In spite of a communications revolution that has given the public access to new media in new places, the revolution has been stopped cold at the steps to the U.S. federal courthouse. The question whether to allow television cameras in federal courtrooms has aroused strong passions on both sides, and Congress keeps threatening to settle the debate and permit cameras in federal courts. Proponents of cameras in federal courtrooms focus mainly on the need to educate the public and to make judges accountable, whereas opponents focus predominantly on the ways in which cameras can affect participants’ behavior and compromise the dignity of the court and the fairness of the trial.
In this article, I lay out the traditional arguments that proponents and opponents make to justify their positions, but I also examine the weaknesses of each side, and the underlying motivations and aspirations, which neither side ever articulates. I explore the unintended consequences of cameras in the courtroom because institutions are not static. For example, cameras might contribute to a growing trend, which I call the “vanishing oral argument,” in which appellate courts do away with oral argument and simply decide the case on the briefs. I also look at other contexts in which cameras have been introduced, such as Supreme Court nomination hearings and congressional speeches, and draw lessons from cameras in these other settings.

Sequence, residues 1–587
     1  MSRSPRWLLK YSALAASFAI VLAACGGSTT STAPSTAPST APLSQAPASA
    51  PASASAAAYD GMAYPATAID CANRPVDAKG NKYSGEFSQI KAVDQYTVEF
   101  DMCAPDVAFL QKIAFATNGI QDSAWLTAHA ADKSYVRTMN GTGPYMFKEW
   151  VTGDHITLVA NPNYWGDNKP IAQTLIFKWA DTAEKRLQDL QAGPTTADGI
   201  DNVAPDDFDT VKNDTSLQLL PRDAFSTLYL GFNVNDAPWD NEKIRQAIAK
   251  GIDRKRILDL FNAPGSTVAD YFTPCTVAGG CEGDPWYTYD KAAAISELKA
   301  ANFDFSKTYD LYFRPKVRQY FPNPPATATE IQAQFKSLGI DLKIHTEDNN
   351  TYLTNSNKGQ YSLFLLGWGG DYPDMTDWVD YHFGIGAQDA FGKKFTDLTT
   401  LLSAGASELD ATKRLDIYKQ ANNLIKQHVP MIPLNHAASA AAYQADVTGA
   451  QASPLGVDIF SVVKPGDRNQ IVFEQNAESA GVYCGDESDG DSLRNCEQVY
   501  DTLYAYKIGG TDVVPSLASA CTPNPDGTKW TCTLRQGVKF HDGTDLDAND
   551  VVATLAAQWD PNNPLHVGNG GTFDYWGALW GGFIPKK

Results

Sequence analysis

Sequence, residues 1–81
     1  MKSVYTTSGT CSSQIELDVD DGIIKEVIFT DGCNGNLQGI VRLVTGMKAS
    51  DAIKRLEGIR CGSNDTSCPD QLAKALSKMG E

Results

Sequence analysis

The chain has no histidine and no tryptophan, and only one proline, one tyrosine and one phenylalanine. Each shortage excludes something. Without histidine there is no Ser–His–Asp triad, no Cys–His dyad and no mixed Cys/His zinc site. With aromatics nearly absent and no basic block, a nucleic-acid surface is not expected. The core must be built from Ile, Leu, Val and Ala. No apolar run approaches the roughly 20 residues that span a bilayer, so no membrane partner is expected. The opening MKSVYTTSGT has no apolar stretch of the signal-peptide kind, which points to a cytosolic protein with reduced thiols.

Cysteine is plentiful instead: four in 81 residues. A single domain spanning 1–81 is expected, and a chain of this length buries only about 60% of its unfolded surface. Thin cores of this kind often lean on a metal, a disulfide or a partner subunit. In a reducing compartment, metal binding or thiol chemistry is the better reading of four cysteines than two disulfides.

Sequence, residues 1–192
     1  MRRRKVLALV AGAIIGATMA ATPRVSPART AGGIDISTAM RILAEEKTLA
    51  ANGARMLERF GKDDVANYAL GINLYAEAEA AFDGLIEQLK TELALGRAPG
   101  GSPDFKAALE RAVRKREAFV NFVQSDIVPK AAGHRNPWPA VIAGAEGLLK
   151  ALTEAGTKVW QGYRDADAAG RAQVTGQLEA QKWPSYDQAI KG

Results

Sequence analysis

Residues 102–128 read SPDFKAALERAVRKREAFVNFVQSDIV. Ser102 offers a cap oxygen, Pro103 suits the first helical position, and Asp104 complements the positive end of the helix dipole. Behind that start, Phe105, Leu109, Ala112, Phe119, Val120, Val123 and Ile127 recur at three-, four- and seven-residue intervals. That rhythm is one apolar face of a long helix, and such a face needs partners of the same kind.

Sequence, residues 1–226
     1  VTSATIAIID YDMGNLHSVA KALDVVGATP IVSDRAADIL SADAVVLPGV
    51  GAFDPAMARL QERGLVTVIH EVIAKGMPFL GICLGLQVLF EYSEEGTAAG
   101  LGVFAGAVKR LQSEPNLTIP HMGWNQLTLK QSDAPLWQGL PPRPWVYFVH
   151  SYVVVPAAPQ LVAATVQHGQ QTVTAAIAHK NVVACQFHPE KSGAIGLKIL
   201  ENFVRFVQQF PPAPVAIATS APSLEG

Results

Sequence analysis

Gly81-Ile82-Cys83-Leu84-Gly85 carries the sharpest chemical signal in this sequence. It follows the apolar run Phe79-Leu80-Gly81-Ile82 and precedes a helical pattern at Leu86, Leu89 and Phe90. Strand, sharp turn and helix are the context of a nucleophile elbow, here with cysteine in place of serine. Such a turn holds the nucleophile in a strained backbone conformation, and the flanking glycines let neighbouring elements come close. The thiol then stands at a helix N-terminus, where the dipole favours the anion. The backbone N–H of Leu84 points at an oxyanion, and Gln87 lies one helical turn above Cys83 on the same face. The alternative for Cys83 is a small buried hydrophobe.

In the end, the debate entails competing values and perspectives. Proponents primarily take a “public-centered” view of courts and focus on protecting public access to court proceedings, whereas opponents primarily take a “participant-centered” view and consider the participants in the proceeding and how they are affected by cameras. However, both perspectives can be accommodated, at least to some extent. Federal courts should post transcripts and audio recordings of court proceedings online, but stop short of permitting cameras in the courtroom. Federal judges need to consider the power of the image, the omnipresence of the camera, the spread of images via the Web, and the current lack of a “technology etiquette” that will guide the use of courtroom images on the Web. Until that etiquette develops, federal judges should take incremental steps to make courts more accessible, but should not allow cameras in federal courts, particularly in federal district courts.
Nancy S. Marder,
The Conundrum of Cameras in the Courtroom,
Ariz. St. L.J.
Available at: http://scholarship.kentlaw.iit.edu/fac_schol/404